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Axe Throwing So Popular In Chicago That Bad Axe Plans 2nd Spot In Lakeview

By Jessica Cabe | October 19, 2017 6:03am
 Given the success of its West Loop location, Bad Axe Throwing plans to open a spot in Lakeview, at 2828 N. Clark St., in December.
Bad Axe Throwing
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LAKEVIEW — When Melanie St-Amour tells people for the first time about urban axe throwing, reactions vary from excited interest to skepticism and even fear. Some people just aren't thrilled by the idea of chucking an axe into a wooden bullseye — like darts, but brawnier.

But the marketing and development coordinator for Bad Axe Throwing, which opened its first U.S. location in the West Loop a little more than a year ago, said the experience is the opposite of scary.

"It's totally safe, and it's actually a huge stress reliever," she said. "It's something that's really empowering once you get the hang of it, and you see people sort of have that 'a ha' moment once they finally stick that axe into the target."

Bad Axe Throwing has secured a lease at 2828 N. Clark St. for its second Chicago location, and St-Amour said the plan is to open sometime in December after all permits are acquired.

The Lakeview location, right on the border of Lincoln Park, will be the largest yet for the urban axe throwing company. At 6,000 square feet, the club will have 10 lanes with two targets each. That's a big increase from the West Loop's two lanes, but it's because the demand exists.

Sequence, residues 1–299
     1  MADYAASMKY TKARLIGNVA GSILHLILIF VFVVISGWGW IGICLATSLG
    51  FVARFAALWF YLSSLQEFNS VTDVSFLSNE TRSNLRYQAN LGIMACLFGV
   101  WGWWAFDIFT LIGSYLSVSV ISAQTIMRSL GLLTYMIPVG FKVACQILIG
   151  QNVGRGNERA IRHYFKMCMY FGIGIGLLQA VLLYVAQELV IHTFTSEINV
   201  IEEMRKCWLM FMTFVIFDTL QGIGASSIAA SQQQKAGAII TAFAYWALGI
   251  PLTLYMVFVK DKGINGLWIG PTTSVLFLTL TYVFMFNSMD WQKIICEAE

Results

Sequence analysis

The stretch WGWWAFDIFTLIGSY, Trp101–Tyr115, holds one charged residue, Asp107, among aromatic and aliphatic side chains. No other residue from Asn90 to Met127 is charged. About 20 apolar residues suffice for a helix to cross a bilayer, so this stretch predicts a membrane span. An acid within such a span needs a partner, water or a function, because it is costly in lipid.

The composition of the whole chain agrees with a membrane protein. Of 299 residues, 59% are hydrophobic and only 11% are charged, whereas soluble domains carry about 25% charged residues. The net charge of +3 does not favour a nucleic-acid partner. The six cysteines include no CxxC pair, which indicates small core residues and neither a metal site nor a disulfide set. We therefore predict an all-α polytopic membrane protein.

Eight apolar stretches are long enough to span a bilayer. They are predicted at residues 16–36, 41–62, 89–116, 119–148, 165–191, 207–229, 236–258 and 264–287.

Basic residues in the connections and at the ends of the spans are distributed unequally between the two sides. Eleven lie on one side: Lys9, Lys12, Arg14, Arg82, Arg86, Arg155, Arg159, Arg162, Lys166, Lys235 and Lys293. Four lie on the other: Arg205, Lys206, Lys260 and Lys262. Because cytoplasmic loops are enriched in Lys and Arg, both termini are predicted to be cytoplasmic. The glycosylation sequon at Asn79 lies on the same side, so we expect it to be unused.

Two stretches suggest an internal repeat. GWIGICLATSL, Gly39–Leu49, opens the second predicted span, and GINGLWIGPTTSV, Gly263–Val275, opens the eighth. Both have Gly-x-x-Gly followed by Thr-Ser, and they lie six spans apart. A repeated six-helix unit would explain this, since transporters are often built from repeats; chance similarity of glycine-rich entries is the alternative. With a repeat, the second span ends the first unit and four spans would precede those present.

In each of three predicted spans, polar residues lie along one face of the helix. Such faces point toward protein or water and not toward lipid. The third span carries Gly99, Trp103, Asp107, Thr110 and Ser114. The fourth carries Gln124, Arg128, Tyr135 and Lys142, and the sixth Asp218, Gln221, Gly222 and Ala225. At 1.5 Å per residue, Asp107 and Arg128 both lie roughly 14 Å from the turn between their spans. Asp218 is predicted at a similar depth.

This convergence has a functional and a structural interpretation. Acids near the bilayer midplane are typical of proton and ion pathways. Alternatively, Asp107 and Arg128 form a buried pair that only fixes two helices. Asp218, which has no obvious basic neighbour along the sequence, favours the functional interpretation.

The West Loop "is by far the busiest location," out of seven in America, St-Amour said. "We were really surprised to see how busy our Chicago location was because people at first were kind of skeptical, and then it blew up."

Rendering of the Lakeview location of Bad Axe Throwing, 2828 N. Clark St., coming in December [Provided/Bad Axe Throwing]

St-Amour said Bad Axe Throwing plans to host a two-week open house in Lakeview to kick off its opening.

"Usually when we do a new location, we'll do a weekend, but this time we're going to do two weeks," she said. "People can come in and just watch if they want to stand on the sidelines and see what it's all about. If they want to try it, they can try it for free." 

Rendering of the Lakeview location of Bad Axe Throwing, 2828 N. Clark St., coming in December [Provided/Bad Axe Throwing]

After the two-week open house, people who want to try out urban axe throwing can pay $20 per hour for a walk-in session. Groups of eight or more will pay $44.25 per person for three hours, and groups of 35 or more will pay $35 per person for three hours. The activity is recommended for those 18 and older.

Coaches are always on hand to give lessons so newbies can try out various techniques, including two-handed, one-handed, overhand and underhand throws.

Guests try out urban axe throwing at Bad Axe Throwing's West Loop location. [Provided/Bad Axe Throwing]

Bad Axe Throwing opened its first location in Burlington, Ontario, in 2014 under CEO Mario Zelaya. Since then, the company has opened 15 locations across the United States and Canada, and it even founded the World Axe Throwing League with the mission of standardizing the sport of urban axe throwing with rules on which axes to use, scoring systems, distances from the target, etc.

In fact, the West Loop location will host a World Urban Axe Throwing League Championship in December featuring about 20 members from around the world.

"It's a lot of fun, and it's something that's totally different," St-Amour said. "It incorporates the same ideas as bowling, where you book a group in and you're assigned a lane, and there are points and there's a winner, and it incorporates certain things from darts, but it's something totally unique. It's a little bit different, a little bit edgy.

"Sometimes at first people are a little bit scared or nervous, but as soon as you hear that thud of the axe going into the target and sticking, there's this sense of empowerment."